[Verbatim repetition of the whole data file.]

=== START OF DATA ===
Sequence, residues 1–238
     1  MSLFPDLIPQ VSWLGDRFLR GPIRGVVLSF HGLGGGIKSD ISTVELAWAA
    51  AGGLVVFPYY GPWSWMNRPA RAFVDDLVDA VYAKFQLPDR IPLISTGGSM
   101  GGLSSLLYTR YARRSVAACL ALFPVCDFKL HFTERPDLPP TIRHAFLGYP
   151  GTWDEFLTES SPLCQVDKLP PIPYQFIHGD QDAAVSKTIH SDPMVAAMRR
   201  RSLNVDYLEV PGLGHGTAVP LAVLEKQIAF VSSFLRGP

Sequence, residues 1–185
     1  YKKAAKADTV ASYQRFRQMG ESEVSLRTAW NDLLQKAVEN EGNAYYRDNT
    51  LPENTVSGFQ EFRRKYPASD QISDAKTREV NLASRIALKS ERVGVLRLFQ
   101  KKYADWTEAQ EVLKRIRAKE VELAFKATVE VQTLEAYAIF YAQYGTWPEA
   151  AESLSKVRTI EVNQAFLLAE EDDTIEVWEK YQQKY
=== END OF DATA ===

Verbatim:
Sequence, residues 1–238
     1  MSLFPDLIPQ VSWLGDRFLR GPIRGVVLSF HGLGGGIKSD ISTVELAWAA
    51  AGGLVVFPYY GPWSWMNRPA RAFVDDLVDA VYAKFQLPDR IPLISTGGSM
   101  GGLSSLLYTR YARRSVAACL ALFPVCDFKL HFTERPDLPP TIRHAFLGYP
   151  GTWDEFLTES SPLCQVDKLP PIPYQFIHGD QDAAVSKTIH SDPMVAAMRR
   201  RSLNVDYLEV PGLGHGTAVP LAVLEKQIAF VSSFLRGP

Sequence, residues 1–185
     1  YKKAAKADTV ASYQRFRQMG ESEVSLRTAW NDLLQKAVEN EGNAYYRDNT
    51  LPENTVSGFQ EFRRKYPASD QISDAKTREV NLASRIALKS ERVGVLRLFQ
   101  KKYADWTEAQ EVLKRIRAKE VELAFKATVE VQTLEAYAIF YAQYGTWPEA
   151  AESLSKVRTI EVNQAFLLAE EDDTIEVWEK YQQKY